Diplomat stays at the Lanesborough
On arrival at The Lanesborough, guests are presented with personalised business cards and notepaper bearing their own name and the hotel’s address. This is a pretty good indication of what is to come: a proper five-star hotel.
Overlooking Hyde Park Corner and nestled between Apsley House (of the famous ‘Number One, London’ address) and Buckingham Palace, The Lanesborough is surely London’s most desirable location. Since 1991, the hotel has provided discreet and professional service to a sleek and glossy international cross-section of guests. Its elegant and historic building – occupying a site originally developed as a country retreat for James Lane, 2nd Viscount Lanesborough (1650-1724) – was completed in 1828 by the famed Greek Revival architect William Wilkins, who also designed the National Gallery in Trafalgar Square.
Today, The Lanesborough retains the elegance of a nineteenth-century private residence but combines this with the contemporary luxury that is expected of a modern hotel. Its 95 guest rooms include 43-square-metre suites luxuriously decorated in a traditional style, complete with wooden panels, fireplaces, decanters and televisions emerging from the furnishings. In addition to complimentary in-room amenities both usual (fresh fruit, WiFi) and unusual (freshly cut flowers, personal laptop), The Lanesborough provides all their guests with a 24-hour butler service – my own butler, Jesus, was on-hand to press my clothes on arrival and wake me with a cup of tea. Very civilised.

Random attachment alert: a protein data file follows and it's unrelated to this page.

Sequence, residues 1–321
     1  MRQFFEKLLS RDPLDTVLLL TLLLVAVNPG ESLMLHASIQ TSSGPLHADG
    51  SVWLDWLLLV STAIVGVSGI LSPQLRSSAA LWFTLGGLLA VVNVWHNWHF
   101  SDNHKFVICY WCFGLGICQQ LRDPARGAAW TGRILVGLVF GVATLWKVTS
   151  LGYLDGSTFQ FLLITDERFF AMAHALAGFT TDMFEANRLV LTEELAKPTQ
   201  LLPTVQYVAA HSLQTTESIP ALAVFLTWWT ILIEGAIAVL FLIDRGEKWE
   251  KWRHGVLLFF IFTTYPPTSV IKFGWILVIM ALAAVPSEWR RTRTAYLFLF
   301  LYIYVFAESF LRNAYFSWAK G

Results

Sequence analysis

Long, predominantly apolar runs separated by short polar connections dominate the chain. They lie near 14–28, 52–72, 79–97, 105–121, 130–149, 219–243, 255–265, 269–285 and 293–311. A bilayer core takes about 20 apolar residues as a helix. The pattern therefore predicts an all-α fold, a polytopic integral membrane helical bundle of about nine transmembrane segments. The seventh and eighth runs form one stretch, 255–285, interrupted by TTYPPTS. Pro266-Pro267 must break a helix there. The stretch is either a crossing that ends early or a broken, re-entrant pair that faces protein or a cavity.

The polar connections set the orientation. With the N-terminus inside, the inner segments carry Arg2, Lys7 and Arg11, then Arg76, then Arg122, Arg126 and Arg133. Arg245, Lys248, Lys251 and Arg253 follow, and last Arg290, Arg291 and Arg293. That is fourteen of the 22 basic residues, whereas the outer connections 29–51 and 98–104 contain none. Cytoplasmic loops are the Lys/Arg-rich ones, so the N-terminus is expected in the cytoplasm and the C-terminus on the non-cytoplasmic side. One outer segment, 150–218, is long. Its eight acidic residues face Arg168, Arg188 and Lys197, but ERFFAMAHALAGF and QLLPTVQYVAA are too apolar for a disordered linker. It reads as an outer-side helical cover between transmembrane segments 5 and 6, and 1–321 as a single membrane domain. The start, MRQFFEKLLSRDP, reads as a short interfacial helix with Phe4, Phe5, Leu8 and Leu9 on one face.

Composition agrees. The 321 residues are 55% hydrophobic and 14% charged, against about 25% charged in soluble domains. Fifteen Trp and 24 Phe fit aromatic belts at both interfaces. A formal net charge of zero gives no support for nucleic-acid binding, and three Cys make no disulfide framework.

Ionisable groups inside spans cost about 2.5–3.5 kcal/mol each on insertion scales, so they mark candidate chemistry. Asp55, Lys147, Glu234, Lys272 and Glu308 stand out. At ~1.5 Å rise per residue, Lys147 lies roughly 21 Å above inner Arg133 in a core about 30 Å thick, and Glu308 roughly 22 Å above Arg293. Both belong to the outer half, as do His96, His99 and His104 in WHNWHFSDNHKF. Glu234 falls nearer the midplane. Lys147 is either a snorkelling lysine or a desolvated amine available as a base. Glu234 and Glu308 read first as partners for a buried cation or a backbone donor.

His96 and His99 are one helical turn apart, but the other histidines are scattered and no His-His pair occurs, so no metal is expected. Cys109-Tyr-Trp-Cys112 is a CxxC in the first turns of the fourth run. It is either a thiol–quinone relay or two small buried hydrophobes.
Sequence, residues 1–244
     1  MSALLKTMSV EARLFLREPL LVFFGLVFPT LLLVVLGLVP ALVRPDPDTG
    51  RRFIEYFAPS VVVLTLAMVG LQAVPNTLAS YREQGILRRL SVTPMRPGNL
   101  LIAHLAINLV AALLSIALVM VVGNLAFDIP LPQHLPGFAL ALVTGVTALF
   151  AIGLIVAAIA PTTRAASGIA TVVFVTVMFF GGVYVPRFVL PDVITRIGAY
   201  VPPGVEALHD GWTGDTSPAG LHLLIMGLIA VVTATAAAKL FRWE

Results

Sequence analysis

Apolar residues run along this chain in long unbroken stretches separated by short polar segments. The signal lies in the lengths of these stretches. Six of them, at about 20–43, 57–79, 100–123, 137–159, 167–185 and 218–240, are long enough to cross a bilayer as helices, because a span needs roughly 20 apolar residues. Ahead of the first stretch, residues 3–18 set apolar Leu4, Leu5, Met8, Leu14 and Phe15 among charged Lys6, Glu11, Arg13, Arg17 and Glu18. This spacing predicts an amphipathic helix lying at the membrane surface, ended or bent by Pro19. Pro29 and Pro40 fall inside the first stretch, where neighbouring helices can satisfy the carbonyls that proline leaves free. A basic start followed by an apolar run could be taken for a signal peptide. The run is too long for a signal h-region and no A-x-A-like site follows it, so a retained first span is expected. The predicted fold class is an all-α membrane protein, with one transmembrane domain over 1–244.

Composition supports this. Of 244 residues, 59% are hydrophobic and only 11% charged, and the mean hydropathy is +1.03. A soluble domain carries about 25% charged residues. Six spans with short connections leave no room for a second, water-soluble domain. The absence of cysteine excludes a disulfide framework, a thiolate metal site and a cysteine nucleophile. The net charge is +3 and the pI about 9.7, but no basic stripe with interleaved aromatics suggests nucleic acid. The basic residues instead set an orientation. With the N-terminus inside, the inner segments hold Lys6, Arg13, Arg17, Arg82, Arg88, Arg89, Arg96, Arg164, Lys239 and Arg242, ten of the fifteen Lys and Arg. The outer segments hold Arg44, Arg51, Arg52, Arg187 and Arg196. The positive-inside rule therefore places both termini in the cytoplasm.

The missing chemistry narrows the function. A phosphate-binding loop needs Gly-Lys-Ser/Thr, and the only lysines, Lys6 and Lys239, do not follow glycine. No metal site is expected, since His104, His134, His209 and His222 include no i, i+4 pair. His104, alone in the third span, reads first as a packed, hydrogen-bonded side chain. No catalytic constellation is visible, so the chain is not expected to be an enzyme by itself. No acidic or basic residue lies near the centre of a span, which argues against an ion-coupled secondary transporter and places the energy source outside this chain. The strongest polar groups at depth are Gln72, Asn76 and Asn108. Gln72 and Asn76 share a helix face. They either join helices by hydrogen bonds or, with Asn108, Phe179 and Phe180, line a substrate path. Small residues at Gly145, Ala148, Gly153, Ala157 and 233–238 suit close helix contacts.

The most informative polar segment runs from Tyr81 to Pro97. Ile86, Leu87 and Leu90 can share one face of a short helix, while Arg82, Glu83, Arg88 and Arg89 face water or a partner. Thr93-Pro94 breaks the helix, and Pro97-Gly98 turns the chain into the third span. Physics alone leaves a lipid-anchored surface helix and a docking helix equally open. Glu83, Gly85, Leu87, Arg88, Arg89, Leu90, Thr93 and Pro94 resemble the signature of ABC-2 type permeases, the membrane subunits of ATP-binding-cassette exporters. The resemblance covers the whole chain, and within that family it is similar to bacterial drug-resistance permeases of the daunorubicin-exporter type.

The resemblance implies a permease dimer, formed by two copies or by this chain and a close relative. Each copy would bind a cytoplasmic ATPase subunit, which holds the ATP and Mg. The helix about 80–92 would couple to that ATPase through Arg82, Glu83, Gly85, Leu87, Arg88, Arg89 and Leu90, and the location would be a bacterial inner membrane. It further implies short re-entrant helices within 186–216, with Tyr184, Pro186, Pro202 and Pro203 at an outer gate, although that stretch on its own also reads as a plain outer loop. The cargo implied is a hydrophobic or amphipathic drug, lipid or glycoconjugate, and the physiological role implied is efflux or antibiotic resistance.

Elsewhere in the hotel, the Library Bar has been rated as the ‘Best Hotel Bar in the World’, while the oversized sofas and outdoor heating of the Garden Room – not to mention its walk-in humidor, unique among London hotels – make this the city’s most glamorous smoking room. Afternoon tea at The Lanesborough is likewise pretty special, offering guests the prospect of being served by London’s first (and only) Tea Sommelier.
Since its launch in 2009, reports on Apsleys, the hotel’s restaurant, have been mixed. It is the first restaurant outside Italy created by the internationally renowned chef Heinz Beck, holder of three Michelin stars at La Pergola in Rome. Beck has described his cooking as a ‘light cuisine of Mediterranean flavours’, and on my visit it certainly did not disappoint. In fact, the food was phenomenal. His signature dishes included fish ‘crudo’ consisting of nine separate plates of fish, such as the tastiest fatty tuna served with cubes of pomelo, carbonara fagottelli ravioli which exploded with flavor on the tongue, langoustine carpaccio served with Sturia Prestige caviar and for pudding, ‘milk’– a selection of eight chocolate desserts – was exquisite, if completely excessive.
So I shall definitely be returning to The Lanesborough, both for dinner and an overnight stay. The Royal Suite is also soon to be reopened after major renovations, so I’m sure there’s plenty more yet to be seen.
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